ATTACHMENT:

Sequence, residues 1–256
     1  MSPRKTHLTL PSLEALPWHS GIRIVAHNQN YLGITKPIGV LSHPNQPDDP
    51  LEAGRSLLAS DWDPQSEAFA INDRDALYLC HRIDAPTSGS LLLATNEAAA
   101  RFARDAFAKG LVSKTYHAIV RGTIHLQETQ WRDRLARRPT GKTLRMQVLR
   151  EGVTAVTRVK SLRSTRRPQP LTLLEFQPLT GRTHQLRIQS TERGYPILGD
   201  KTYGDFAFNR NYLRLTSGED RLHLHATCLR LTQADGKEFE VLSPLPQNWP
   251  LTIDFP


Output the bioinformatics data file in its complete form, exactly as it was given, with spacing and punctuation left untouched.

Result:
Sequence, residues 1–256
     1  MSPRKTHLTL PSLEALPWHS GIRIVAHNQN YLGITKPIGV LSHPNQPDDP
    51  LEAGRSLLAS DWDPQSEAFA INDRDALYLC HRIDAPTSGS LLLATNEAAA
   101  RFARDAFAKG LVSKTYHAIV RGTIHLQETQ WRDRLARRPT GKTLRMQVLR
   151  EGVTAVTRVK SLRSTRRPQP LTLLEFQPLT GRTHQLRIQS TERGYPILGD
   201  KTYGDFAFNR NYLRLTSGED RLHLHATCLR LTQADGKEFE VLSPLPQNWP
   251  LTIDFP